By TIM ALEXANDER
PEORIA, Ill. — Soybean growers can look forward to a 10 to 20 percent increase in the U.S. soybean crush by the year 2025, according to Stan Born, a board director for the U.S. Soybean Export Council (USSEC) and the American Farm Bureau Federation. Born, who has traveled extensively around the world promoting soybeans, came to the Peoria County Farm Bureau on March 24 to talk about U.S. soy markets and upcoming meal-oil opportunities.
“The demand for soybean oil is growing dramatically, and this is largely driven by the production of biofuels. Those processes use vegetable oils to produce that diesel fuel, and places like California have put in place a low-carbon fuel standard that demands the use of these biofuels. This is what’s driving up the use of oil, and the investment by companies like ADM, Bungee, Cargill and CBG to crush more soybeans here domestically,” said Born.
Farmers should be aware that carbon intensity goals of the Biden administration, corporations, states like California and some foreign countries are helping drive demand for soybeans in the near-term, Born noted.
“For us as soybean producers, because these processes take about 7.5 pounds of soybean oil per gallon to make biodiesel, it’s going to take a fair amount of production. The purpose of the increase in crush investment by these companies is to have more oil available to feed these facilities. That’s a good development for us,” he said, adding that some analysts predict the U.S. will need to import more soybean oil to keep up with projected demand.
Despite projections that foreign demand for U.S. biofuels may decline, Born also likes the look of the U.S. soybean export market in the coming years.
“Exports have been six out of every ten rows that we produce, so it’s a big opportunity for us. But here’s the fundamental thing: as economies grow, people change their diets. When they have more money in their pocket, they move from eating rice to eating meat. You have to feed that meat — the chickens, the pigs, the fish — and they need protein. That is where soy is the ideal solution,” Born said.
Despite the current buzz on electric cars, Born also sees the market for soy-based biofuels increasing in the near-term. “Renewable fuels will help bridge that gap to get to electric transportation. Biofuels have a better environmental footprint than conventional motor fuels, so the outlook for us is solid, and I’m excited about it as a soybean farmer,” he said.
With the increases in demand expected for soybean oil, exports and biofuels, analysts are predicting that the percentage of soybeans used for human consumption will decline in the next few years. “Fuel use is going up about 25 percent, for instance, and food use is going down maybe 4-5 percent,” said Born. “Historically, fuels suck up about 35 percent of all oil used. Food is about 58 percent, but our food use is going to go down to 54 percent, and domestic use for biofuels is going to go up to 41 percent, while biofuels will decline slightly. Demand is going to last for food use, and if you look at soybean oil stocks, they are higher today than they were at the beginning of the pandemic.”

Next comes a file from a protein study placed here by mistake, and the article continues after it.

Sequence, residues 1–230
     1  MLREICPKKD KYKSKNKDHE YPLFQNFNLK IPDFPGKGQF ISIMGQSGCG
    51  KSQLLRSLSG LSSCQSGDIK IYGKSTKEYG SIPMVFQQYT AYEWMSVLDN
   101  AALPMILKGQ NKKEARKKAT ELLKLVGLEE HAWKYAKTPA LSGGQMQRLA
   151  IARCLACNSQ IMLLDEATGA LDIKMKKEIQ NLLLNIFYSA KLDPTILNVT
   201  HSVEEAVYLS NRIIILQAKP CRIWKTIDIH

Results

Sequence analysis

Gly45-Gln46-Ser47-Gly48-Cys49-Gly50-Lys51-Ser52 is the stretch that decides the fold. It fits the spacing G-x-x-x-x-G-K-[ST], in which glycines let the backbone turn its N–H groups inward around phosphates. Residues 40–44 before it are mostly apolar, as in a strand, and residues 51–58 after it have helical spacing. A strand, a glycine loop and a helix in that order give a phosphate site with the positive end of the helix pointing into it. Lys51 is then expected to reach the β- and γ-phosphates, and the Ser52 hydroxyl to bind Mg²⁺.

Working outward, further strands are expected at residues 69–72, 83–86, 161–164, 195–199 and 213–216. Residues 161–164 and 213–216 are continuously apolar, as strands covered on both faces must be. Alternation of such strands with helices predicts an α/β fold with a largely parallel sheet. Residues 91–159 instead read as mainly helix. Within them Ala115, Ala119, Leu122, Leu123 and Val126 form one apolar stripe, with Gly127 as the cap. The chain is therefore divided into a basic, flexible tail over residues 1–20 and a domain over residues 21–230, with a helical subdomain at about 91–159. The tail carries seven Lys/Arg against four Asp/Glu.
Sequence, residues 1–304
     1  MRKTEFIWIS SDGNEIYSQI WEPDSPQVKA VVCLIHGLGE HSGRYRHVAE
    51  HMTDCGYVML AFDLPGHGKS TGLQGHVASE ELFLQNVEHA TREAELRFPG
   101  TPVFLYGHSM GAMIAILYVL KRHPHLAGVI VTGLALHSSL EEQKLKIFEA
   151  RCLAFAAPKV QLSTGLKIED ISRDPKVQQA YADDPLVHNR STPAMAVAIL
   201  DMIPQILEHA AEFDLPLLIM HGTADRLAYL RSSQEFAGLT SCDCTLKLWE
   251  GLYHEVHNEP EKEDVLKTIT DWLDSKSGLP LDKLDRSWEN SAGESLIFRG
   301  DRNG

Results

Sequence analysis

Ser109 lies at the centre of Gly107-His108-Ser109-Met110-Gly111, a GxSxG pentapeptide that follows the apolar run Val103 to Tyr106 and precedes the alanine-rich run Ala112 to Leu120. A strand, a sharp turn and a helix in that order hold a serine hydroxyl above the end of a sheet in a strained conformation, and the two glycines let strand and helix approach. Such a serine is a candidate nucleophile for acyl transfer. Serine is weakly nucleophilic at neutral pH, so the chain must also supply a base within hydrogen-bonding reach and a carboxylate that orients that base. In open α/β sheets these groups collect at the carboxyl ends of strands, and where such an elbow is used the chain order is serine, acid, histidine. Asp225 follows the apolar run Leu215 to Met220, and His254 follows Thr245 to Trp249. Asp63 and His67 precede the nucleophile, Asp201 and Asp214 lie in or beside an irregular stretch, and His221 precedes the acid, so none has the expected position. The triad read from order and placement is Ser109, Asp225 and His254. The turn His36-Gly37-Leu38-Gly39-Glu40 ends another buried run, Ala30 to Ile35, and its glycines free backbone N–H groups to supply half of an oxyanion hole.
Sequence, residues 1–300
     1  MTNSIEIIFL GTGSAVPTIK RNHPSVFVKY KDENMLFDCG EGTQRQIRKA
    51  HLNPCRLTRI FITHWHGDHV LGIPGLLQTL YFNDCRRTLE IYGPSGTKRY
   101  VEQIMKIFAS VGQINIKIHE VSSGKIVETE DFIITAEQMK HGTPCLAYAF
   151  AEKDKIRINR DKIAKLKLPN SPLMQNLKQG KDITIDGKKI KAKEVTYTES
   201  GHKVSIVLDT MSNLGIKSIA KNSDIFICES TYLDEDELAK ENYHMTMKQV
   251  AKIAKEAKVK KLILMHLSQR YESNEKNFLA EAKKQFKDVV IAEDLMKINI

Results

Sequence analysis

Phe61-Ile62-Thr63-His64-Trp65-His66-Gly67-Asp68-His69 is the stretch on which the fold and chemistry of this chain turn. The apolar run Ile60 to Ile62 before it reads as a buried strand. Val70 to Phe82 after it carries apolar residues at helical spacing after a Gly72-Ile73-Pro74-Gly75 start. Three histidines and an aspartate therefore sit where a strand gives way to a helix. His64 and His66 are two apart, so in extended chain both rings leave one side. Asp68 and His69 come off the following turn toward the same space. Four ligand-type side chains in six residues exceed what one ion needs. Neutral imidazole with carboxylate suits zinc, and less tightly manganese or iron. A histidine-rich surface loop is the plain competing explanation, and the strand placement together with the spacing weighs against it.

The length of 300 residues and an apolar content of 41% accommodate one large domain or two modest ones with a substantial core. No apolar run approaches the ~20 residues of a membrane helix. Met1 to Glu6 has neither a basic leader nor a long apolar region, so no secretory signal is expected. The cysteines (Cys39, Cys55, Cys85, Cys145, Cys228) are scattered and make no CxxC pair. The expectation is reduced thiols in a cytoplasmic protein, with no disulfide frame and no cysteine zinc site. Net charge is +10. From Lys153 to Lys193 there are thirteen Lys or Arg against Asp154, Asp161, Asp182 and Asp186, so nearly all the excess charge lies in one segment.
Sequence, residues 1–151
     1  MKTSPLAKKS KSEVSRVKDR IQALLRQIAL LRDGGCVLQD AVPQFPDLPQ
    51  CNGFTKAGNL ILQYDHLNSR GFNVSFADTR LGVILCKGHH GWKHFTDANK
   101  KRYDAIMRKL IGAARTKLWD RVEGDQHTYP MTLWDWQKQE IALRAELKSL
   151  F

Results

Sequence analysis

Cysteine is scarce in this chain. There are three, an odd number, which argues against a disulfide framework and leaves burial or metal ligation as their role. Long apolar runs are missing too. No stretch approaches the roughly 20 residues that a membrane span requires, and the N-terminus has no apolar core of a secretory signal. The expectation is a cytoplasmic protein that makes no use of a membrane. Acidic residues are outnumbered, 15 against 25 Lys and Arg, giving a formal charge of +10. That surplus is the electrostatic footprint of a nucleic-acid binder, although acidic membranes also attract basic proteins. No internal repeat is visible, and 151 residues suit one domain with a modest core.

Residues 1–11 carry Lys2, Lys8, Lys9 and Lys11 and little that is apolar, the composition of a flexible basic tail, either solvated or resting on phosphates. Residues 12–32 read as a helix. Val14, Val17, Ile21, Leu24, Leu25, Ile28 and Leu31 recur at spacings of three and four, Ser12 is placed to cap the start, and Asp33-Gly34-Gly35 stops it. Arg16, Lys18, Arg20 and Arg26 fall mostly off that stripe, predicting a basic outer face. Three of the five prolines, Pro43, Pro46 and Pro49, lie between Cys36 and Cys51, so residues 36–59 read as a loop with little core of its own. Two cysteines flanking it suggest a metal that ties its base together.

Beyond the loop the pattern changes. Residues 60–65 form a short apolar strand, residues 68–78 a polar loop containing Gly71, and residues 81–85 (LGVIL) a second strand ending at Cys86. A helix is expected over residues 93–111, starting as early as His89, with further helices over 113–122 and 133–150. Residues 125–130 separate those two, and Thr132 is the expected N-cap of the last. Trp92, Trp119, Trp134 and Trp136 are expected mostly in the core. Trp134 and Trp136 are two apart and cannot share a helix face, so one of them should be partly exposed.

Born added that the availability of soybean oil used for food should not be affected by increased demand for other utilizations. “The balance sheet doesn’t show that we’re going to take a bunch of oil away from our pastries and butter and other things we make from soybean oil,” he said.
Soybeans meal, as a co-product of the oil extraction process, will likely increase and result in lower meal prices for producers, Born predicted. “That’s going to create an opportunity for a higher inclusion rate, or more of the protein component in the feed mix here in the U.S. than what we have traditionally,” he said, “so we will probably consume a little more here in the U.S.”
An opportunity to take advantage of an increase in meal production lies in the central South America and Mexican markets, where proven logistics and working relationships are already in place. Expanding meal markets in Indonesia and southeast Asia, along with frontier markets such as Africa, is on the radar of the USSEC, according to Born, who farms near Decatur, Illinois in Moultrie County.
The Chinese market for U.S. soybeans, which accounts for about 60 percent of all U.S. soybeans exported, should continue to be steady, but is unpredictable. “China is tying up trade agreements and could soon turn into a soybean-exporting nation,” Born said.
With increased demand for U.S. soybeans expected, Born told the Peoria farmers that the bipartisan U.S. Infrastructure and Investment and Jobs Act, signed into law in November, will help facilitate their movement around the world.
“You can get good quality soybeans from around the world, but the best quality soybeans are grown here in the U.S. The thing that further separates us is the reliability of delivery,” he said. “Reliability of supply is a key competitive advantage for us here in the U.S., and this bill will help ensure that advantage for decades to come.”
Born concluded his remarks by encouraging the Peoria farmers to continue to be a voice for agriculture by maintaining a voice with their elected officials at the local, state and national level.